Lectures on wildlife, our environment, history and destinations
Near shore cruises
Whale and mammal spotting
From AUD $1,250.00/pp
Sea Kayaking One of the most exhilarating ways to experience Antarctica, the Arctic and beyond. Sea kayaking holidays in the …
One of the most exhilarating ways to experience Antarctica, the Arctic and beyond.
Sea kayaking holidays in the humbling wilderness of Antarctica, the Arctic, and some of the world’s most biodiverse regions, are guaranteed to stir your soul. Paddle between brash ice and icebergs of all shapes and sizes, absorbing the majestic scenery as it unfolds before you.
In Antarctica, keep your camera on-hand for unforgettable encounters with penguins, seals and whales, and occasionally leopard seals or orcas. In the Arctic, prepare to paddle under nesting bird colonies, past massive glaciers and around large iceberg.
Led by experienced guides, you and your small group of like-minded adventurers will paddle between ice floes, brash ice and icebergs of all shapes and sizes. Paddling is one of the best ways to access and intimately explore the beautiful coastlines we visit and therefore make the most of your time in the wild and remote destinations we visit.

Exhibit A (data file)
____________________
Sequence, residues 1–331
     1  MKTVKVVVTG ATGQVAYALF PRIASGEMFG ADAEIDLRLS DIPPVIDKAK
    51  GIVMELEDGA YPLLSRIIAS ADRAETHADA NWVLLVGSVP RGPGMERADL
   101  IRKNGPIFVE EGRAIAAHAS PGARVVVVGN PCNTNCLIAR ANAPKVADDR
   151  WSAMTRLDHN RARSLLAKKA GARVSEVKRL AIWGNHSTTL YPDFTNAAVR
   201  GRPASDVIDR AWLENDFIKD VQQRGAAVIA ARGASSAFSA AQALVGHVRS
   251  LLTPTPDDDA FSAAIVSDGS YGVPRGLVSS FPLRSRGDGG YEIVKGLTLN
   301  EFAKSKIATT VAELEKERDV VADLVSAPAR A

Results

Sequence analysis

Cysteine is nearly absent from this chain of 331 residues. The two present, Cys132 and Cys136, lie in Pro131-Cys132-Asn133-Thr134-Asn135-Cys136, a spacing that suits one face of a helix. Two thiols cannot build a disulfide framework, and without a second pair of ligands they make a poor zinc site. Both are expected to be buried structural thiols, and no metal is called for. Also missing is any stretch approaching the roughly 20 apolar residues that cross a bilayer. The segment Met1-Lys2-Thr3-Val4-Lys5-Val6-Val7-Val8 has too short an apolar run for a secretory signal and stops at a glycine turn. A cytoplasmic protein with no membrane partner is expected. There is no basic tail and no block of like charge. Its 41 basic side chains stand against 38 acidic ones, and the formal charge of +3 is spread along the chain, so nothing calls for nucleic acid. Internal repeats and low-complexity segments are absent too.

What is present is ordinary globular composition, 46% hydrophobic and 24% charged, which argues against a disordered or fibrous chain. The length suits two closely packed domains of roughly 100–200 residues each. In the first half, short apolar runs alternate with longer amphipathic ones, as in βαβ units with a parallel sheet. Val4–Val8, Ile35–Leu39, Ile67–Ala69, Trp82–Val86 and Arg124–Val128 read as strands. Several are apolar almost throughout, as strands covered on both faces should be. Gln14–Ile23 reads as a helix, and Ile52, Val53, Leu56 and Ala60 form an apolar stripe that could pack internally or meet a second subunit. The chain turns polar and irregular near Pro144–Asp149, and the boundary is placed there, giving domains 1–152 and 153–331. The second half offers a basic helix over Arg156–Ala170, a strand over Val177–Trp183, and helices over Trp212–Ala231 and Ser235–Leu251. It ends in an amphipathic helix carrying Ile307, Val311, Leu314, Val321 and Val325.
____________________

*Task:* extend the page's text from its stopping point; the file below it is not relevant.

‘Getting out amongst it’ is our philosophy, and that is exactly what we do. Weather permitting, the sea kayaking activity is normally available anytime the other expeditioners go out. Rather than travelling large distances, our aim is to ensure you see as much as possible. We paddle between 5 to 15 kilometres (2 to 4 hours) per outing, often taking a snack and a flask of hot chocolate to enjoy on our excursion.
Each small group of kayakers (up to 10 per guide) will have their own intimate exploration of the small hidden bays and coasts that are inaccessible to Zodiacs. Of course, we also make time for your own shore excursions and wildlife encounters.
The elements play an important role in our sea kayaking program. It is important that you have an adventurous attitude and understand that the weather can impact our kayaking time.
What about beginners up to the challenge?Our guides do not offer instructional classes for beginners. Therefore, the sea kayaking option is unsuitable for complete novices. However, there is often ample time to gain the required experience before you depart. We may be able to recommend a reputable sea kayak operator in your area for some tuition prior to the trip. Your guide will assess your ability on the initial paddle, and if you have insufficient experience, he or she reserves the right to restrict your participation in rougher conditions.